LOUISVILLE, Ky. -- As is tradition on Senior Day, Louisville coach Rick Pitino took the microphone after his team’s final regular-season game had ended to introduce his departing players. First, though, Pitino had a question for the crowd.
“How about Mangok?” he said, and then repeated it. “How about Mangok?”
March often creates unlikely heroes, and the madness began a little early with one of the most stunning games of the season. Mangok Mathiang hit a game-winning, 16-footer with 2.7 seconds left as No. 16 Louisville knocked off No. 2 Virginia 59-57 on Saturday at the KFC Yum! Center.
That’s the same Mathiang who had scored eight total points and made one field goal since Jan. 31. The same Mathiang who had not taken a shot in the first 39 minutes against the Cavaliers. The same guy who Pitino had told early this season that he couldn’t play college basketball unless he learned how to make an open jumper near the foul line.
“I think he was their fifth option,” Virginia guard Malcolm Brogdon said. “He’s who we wanted to take the shot.”
Mathiang smiled and nodded when later told of Brogdon’s comments. Pitino joked Mathiang was the team’s “64th option.”
Coming out of a timeout with nine seconds left and trailing 57-56, Louisville’s plan was to use guard Terry Rozier off a ball screen. Rozier would either get to the rim and draw a foul or shoot an open jumper. Or he’d dump the ball inside to Montrezl Harrell. Or maybe he’d find Wayne Blackshear on the wing.
Virginia knew the ball screen was coming, and forward Darion Atkins said he told teammate Mike Tobey to double-team Rozier before he could penetrate. That’s exactly what he did, which left Mathiang all alone.
“We couldn’t have played that last play any better,” Atkins said.
Mathiang has been part of a highly disappointing center rotation for the Cardinals this season. After starting 14 games as a freshman on last year’s American Athletic Conference champions, his playing time has dwindled as a sophomore. Yet he somehow found the confidence to take the shot as Tobey tried desperately to recover.
Rozier admitted he said a little prayer when one of his best friends on the team let the ball go.
“I wasn’t even thinking about anything but making that shot,” Mathiang said. “At first, I didn’t even think I made it. I was just shocked and running back. And then when Montrezl came and gave me a big hug and my teammates surrounded me, I was like, ‘Yo, this is a really big deal.’”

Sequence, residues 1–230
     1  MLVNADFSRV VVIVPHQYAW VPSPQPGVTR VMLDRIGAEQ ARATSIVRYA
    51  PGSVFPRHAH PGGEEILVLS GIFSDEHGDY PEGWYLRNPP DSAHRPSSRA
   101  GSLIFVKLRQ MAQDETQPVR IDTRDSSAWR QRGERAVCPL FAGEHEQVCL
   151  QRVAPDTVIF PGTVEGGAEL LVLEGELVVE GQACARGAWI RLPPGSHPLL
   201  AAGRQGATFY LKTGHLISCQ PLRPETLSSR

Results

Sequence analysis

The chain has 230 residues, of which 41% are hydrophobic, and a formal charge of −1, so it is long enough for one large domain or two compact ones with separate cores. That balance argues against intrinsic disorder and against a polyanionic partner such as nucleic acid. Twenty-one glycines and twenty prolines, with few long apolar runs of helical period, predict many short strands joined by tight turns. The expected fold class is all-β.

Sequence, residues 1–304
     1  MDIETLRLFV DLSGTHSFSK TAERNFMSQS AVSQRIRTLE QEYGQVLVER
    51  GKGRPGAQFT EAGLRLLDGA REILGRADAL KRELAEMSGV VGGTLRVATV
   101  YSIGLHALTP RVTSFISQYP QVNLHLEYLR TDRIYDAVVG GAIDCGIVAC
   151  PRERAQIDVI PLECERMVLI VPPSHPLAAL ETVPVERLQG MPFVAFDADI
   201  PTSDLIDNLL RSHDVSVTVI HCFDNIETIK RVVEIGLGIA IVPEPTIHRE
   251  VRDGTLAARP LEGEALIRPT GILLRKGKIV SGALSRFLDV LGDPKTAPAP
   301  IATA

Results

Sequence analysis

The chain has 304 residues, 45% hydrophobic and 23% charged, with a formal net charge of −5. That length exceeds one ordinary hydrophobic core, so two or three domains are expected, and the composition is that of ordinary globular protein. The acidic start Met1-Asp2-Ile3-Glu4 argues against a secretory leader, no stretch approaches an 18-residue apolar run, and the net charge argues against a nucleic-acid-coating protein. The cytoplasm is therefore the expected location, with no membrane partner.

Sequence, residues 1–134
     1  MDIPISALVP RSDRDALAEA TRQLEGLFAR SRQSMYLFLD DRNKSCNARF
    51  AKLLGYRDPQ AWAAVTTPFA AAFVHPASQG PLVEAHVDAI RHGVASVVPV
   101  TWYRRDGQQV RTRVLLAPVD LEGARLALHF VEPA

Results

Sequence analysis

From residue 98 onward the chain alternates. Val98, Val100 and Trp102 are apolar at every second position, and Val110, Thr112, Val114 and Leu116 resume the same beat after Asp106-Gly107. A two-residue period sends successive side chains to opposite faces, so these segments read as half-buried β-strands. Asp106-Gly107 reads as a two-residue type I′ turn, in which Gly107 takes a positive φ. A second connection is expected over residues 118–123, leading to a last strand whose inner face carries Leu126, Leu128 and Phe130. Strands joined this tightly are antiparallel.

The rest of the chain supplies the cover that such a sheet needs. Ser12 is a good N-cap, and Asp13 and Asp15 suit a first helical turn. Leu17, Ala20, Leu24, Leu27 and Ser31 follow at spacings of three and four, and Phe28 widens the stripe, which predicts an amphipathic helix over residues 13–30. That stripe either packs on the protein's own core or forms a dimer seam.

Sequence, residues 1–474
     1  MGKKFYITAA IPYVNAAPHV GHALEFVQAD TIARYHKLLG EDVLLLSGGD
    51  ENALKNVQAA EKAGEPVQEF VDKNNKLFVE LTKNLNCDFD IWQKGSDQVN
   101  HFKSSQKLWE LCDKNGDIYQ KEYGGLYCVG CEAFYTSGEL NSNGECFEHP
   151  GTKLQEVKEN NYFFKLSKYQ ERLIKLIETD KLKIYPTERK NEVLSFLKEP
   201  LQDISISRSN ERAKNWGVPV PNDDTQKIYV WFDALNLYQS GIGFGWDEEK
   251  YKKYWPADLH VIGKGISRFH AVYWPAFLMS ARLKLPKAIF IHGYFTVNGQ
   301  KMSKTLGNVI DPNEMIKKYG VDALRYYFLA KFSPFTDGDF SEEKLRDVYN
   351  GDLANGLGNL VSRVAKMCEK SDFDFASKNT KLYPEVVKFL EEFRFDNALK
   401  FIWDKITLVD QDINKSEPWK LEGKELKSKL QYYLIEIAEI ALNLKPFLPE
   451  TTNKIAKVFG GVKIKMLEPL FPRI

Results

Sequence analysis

In the big picture, this probably mattered much more to Louisville than it did to Virginia. The Cardinals secured a double-bye in next week’s ACC tournament, thereby avoiding having to play Wednesday. Maybe more importantly, they proved they can beat a good team without guard Chris Jones, who was dismissed two weeks ago.
The Cavaliers (28-2, 16-2 ACC) already had the No. 1 seed in the conference tournament locked up. Saturday’s loss shouldn’t affect their standing as a No. 1 seed in the NCAA tournament, unless they lose early next week in Greensboro, North Carolina.
But Virginia must stop some troubling trends that have bubbled up of late. For the second straight game, the Cavs found themselves in a big hole early. On Monday against Syracuse, they scored only one basket for the first 13 minutes. Against Louisville, they trailed 19-5 and allowed more open looks and transition points than they usually give up in a week.
The Cardinals, who mustered just 13 first-half points Feb. 7 in Charlottesville, led 30-25 at the half on Saturday and became just the fifth team all season to score 30 points in the first 20 minutes against the nation’s top-scoring defense.
“I chalk this up to us coming out the wrong way defensively in too many games lately, and finally, one got away from us,” Atkins said. “We didn’t come out mentally prepared.”
Virginia has been surviving without guard Justin Anderson, who'd missed the previous seven games with a broken finger and whose potential comeback Saturday was spoiled by an appendectomy. Head coach Tony Bennett said he still doesn’t know if Anderson will be back for the ACC tournament or the start of the NCAA tournament.
The Hoos could have used him on a night when another starter ended up hobbled, as big man Anthony Gill injured his gluteus muscle during the second half.
Yet even with all those issues and an arena charged for the upset, Virginia still is hard to kill. It rallied from eight points down in the final six minutes, and if not for Mathiang’s dagger, we’d be talking about Brogdon’s clutch, go-ahead 3-pointer in the corner with 13 seconds left.
Still, the Cavs were more concerned with the lackluster beginning of the game than the ending.
“From here on out, it’s one-and-done,” Bennett said. “That’s what I told the team. I can live with this, but you’ve got to get ready from start to finish.”
Virginia can take solace in this fact: Last year’s national champion, Connecticut, lost in the same building on Senior Day by an embarrassing final score (81-48) before making its improbable run.
Weird things happen in March. Sometimes, even Mangok Mathiang happens.